People hate hidden fees. However, there is one thing that they hate more than hidden fees, and that is being charged for something that they said they didn’t want. Dollar Rent A Car is not being accused of hiding fees from consumers, but it is being accused of charging people extra money even after denying certain services.
Reports have been coming in from all over stating that Dollar Rent A Car has been adding insurance onto people’s rentals. This wouldn’t really be a bad thing if it wasn’t for the fact that these consumers had declined the insurance to start with. Although travel groups recommend that people always opt for the extra insurance, it is still up to the consumer in the long run. If they choose to decline it, that is their choice and not the choice of the car rental company.
So far, some 100 consumers across the United States have said that they verbally declined to buy insurance for their rental car at the counter. Later these people found out that they were still charged for insurance on their final bill. To make matters worse, some lawyers believe that others may have been hit with these extra fees too and never even noticed it.
John Mattes, who is a California-based lawyer, said that Dollar Thrifty has stepped over the line here. Although these cases have taken place in the United States, there is a very good chance that this has happened in other areas of the world. Two lawsuits have already been filed, and they will be combined together to form a class-action suit against Dollar Thrifty.
Of course, Dollar Thrifty does not plan on just cough up a bunch of money for this. In fact, a spokesperson for Dollar Thrifty said that it would be vigorously defending itself in court. This should not come as a shock to anyone. After all, if Dollar Thrifty chooses not to defend itself, it is likely that more people who have been charged for insurance after declining it will come forward.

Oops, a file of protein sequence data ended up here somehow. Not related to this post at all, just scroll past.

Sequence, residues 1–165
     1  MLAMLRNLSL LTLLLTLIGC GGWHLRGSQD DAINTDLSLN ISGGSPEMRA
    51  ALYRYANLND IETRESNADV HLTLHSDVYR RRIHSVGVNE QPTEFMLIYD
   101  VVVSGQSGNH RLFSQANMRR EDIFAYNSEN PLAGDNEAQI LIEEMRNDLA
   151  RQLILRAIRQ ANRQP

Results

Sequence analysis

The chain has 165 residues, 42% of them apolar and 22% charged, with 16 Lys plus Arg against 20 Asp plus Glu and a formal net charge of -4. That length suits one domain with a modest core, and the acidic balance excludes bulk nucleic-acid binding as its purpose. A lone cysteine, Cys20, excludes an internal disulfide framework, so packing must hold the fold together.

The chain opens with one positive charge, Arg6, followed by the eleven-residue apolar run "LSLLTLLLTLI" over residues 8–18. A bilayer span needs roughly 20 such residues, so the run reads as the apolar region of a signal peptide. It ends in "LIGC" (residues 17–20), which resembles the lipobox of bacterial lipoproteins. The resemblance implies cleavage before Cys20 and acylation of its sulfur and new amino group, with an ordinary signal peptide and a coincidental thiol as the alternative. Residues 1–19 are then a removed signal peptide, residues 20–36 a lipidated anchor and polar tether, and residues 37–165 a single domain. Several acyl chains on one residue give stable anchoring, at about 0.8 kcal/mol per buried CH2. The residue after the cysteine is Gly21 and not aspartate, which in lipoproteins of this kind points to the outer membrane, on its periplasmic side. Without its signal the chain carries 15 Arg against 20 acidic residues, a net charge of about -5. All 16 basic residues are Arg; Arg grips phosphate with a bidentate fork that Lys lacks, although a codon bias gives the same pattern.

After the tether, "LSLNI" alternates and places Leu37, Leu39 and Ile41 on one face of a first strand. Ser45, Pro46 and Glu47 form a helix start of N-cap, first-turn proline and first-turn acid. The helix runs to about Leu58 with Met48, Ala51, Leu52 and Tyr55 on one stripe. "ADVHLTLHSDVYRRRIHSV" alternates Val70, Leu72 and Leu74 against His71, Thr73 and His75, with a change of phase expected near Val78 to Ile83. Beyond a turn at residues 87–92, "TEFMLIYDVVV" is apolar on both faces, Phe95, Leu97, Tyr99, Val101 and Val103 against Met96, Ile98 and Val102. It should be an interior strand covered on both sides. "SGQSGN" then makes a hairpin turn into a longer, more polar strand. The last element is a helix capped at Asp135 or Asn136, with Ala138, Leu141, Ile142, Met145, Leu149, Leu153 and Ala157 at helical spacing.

Consumer groups are now saying that the real problem is the way people decline or accept insurance. In most cases, car rental companies have people verbally accept or decline insurance. Once everything has been verbally done, the consumer signs for the transaction. The problem is that they cannot confirm what they are signing up for. There is no way of telling what that employee has added or not added.
In some cases, people are simply not sure what they are signing up for. For example, they might agree to the loss-damage waiver. When they do this, they believe that they are waiving insurance. However, in reality, they are accepting insurance on their rental car. If people are not used to renting cars, they might not know this. To top it off, it seems like these companies are doing very little to keep the confusion in check. After all, it does seem to be working in Dollar Thrifty’s favour, so why change it?
Consumer groups in both the United States and the United Kingdom have been giving people tips on how they can protect themselves from very similar situations. First and foremost, all travellers need to ask for a copy of their contract with the rental company before they leave the counter. Look over this copy. If any errors are notice, it is a good idea to deal with them right there. It might also be a good idea to use cellphones to record or videotape the verbal agreement.